Photographer: Marcello PozzettiThe spring term has ended and it's time for assessments. Yesterday I was busy auditioning the candidates for the September intake. I dont teach the audition class, I just observe how the would be students cope, together with another colleague. The audition is always far too long, I always know within the first 10 minutes who is right for the course and who is not, but the audition goes on for one and a half hour. Towards the end they have to improvise giving their improvisation a structure. The ones who do not rehash obvious moves learnt in technique class have a better chance of getting in. The best contemporary dancers learn a lot of technique and then spend most of their time forgetting about it and cultivating a softness and a pedestrian approach to movement which can be very deceiving. There was a girl like that in the audition class and surprise surprise she had already auditioned for a top conservatoire so we knew that we would probably lose her to it. The worst contemporary dancers have acquired the mannerism of 'modern dancers' but they are actually not so strong, technically. When improvising they will fall back on cliched movements. We take some of them and they spend the next three years unlearning what they learnt so badly.
Photographer: Eoghan Brennan
I am absolutely terrified. I have not done a solo performance in a long time. Yes, I did one for Sophie Hunter's video recently but it was no big deal, I just went there, danced and left within an hour. I had tremendous freedom and all I had to do was listen to her song and then move. But the May assessment is an exam! And the list of criteria for the assessment runs into two pages. I have to do an embodied improvisation of three minutes duration - exactly three. It has to be an improvised piece, not a choreographed one, but it must have a structure i.e a beginning, a middle and a clear end. I can use music and props but I have to make sure it all fits. There has to be a theme and since this is part of DMP training there has to be a strong emotion that initiates the process. There has to be a connection to work done in class and a clear relationship with the audience while performing - the audience will be my classmates who will then give their views (peer assessment). Finally, we are being encouraged to think about presentation i.e. costume and hairstyle. The tutor looked at me when asking whether we want to be seen tucking our hair behind our ears while performing - I do it all the time in class, I always forget to tie my hair.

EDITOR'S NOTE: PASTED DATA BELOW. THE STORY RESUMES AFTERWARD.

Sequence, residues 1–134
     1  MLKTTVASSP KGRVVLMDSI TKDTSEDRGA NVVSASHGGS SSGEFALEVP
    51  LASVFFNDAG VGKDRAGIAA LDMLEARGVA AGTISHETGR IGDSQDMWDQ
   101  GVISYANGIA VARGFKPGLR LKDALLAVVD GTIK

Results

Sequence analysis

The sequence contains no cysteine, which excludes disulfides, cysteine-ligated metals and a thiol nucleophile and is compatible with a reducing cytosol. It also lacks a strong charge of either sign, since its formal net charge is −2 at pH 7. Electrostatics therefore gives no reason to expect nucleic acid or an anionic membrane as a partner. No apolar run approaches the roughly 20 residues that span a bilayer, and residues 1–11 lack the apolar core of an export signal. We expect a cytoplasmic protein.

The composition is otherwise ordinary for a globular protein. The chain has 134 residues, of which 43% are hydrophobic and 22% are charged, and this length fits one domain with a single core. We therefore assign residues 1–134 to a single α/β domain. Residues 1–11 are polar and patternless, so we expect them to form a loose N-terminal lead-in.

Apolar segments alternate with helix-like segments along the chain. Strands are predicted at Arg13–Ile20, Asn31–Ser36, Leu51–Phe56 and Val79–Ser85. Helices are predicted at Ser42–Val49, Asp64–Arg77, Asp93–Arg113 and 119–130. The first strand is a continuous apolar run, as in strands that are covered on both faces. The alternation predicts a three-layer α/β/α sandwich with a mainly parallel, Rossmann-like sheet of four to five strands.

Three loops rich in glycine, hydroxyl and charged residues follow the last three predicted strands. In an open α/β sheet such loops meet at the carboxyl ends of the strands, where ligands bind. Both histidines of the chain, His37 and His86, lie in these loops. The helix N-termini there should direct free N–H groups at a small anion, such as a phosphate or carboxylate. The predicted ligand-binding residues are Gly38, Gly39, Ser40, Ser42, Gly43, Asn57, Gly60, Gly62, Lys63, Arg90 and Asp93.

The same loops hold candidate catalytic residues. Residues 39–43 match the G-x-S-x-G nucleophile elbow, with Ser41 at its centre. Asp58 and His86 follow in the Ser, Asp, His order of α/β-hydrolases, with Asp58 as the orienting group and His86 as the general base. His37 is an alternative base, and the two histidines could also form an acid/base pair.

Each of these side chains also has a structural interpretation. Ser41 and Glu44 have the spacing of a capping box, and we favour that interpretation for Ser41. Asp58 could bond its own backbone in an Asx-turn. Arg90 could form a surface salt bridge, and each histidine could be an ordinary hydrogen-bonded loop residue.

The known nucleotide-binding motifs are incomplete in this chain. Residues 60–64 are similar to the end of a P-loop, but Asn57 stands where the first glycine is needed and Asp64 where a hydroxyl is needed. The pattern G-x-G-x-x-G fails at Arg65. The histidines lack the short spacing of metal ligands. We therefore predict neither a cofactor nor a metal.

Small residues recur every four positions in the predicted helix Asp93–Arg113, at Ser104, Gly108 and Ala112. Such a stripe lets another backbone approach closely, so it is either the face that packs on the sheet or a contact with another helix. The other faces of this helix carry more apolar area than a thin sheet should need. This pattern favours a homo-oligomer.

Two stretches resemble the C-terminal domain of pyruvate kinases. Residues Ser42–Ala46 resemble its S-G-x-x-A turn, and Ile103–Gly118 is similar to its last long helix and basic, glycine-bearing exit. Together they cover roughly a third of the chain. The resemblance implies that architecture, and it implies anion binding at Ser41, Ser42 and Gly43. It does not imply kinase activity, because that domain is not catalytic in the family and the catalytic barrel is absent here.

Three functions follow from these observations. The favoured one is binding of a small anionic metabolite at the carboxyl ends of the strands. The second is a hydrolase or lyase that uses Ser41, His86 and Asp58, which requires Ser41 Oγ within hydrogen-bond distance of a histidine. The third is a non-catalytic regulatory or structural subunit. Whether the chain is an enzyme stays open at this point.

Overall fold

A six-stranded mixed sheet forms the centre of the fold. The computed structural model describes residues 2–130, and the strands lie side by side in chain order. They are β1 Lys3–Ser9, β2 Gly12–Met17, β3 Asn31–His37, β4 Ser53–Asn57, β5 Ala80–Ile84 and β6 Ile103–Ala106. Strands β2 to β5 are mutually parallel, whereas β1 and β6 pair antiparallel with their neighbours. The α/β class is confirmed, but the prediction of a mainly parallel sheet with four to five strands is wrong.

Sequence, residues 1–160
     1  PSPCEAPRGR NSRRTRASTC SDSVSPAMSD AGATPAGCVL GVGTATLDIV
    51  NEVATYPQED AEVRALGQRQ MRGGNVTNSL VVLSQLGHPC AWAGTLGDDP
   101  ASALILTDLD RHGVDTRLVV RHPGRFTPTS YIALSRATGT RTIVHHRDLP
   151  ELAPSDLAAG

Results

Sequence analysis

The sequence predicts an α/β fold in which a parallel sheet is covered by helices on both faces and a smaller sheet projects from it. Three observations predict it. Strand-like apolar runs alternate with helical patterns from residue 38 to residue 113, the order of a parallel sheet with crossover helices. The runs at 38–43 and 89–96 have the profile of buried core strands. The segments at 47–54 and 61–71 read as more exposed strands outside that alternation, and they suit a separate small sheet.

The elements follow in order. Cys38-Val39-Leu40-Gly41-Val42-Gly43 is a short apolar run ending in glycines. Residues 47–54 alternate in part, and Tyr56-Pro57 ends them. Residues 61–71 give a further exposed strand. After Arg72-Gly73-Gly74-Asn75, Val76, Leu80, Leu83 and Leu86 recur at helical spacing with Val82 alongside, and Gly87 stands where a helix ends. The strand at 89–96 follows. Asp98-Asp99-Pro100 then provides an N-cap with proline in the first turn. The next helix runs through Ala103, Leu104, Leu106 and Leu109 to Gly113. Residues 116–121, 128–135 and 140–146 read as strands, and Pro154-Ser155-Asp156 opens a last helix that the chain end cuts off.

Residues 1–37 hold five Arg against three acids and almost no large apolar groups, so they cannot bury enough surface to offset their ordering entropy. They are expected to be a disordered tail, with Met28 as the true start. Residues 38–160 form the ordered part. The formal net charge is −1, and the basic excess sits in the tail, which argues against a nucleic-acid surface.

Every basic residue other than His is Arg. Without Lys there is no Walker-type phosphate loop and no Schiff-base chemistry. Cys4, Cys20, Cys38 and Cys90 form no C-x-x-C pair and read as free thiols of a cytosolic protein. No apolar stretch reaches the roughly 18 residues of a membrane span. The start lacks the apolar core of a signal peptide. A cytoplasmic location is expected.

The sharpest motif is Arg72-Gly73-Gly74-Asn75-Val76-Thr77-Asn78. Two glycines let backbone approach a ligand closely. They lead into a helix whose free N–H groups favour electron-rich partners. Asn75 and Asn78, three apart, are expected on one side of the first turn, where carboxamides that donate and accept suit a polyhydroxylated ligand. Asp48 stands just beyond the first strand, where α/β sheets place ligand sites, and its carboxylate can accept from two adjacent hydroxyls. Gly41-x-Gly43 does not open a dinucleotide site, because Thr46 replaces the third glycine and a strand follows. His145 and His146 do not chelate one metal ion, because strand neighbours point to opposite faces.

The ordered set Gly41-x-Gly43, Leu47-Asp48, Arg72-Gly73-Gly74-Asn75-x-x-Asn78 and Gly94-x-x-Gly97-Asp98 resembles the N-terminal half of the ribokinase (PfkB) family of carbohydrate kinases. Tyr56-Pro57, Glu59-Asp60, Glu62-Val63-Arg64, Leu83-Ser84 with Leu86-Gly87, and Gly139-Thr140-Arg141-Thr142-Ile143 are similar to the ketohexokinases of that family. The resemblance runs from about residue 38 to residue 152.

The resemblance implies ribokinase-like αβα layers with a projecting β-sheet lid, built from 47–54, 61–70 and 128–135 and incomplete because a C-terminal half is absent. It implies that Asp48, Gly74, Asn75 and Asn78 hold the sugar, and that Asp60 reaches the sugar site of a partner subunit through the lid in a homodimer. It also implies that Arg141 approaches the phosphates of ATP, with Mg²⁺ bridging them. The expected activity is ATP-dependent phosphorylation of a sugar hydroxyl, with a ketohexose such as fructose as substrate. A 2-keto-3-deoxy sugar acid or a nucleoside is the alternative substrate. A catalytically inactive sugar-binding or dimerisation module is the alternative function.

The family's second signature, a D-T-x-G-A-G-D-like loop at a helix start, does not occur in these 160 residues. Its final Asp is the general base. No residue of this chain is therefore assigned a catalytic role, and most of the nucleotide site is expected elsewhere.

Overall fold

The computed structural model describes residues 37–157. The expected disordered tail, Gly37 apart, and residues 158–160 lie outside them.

Photographer: Marcello PozzettiI have been agonising over these criteria since the paper was passed round. Finding the right music is a real ordeal. If a piece is choreographed timing is no problem, everything is set in advance, but if it is improvised and it has to be of a certain duration then the music will help with timing it, ensuring that a structure is maintained. But my preference is to go for something like Steve Reich's Drumming to work against (I would not want the movements to follow that rhythm, only to counter or refer to it, see how Sankai Juku work with rhythm) and that means I need to memorise some of the transitions and three minutes is a very short time indeed, in which such transitions will be barely noticeable.
I was given the criteria on tuesday and have been thinking about my piece since then. While assessing students I could not help thinking that I would be soon in their position. The criteria go as far as stipulating "a range of movements in different levels" which means there will have to be a couple of jumps, quick movements, and extended ones. All this is making the improvisational aspect a little contrived.
Meanwhile, for your delectation, below is a clip from one of Steve Reich's performances of Drumming - it's what made me fall in love with percussion.
(All photos modelled by Alex B)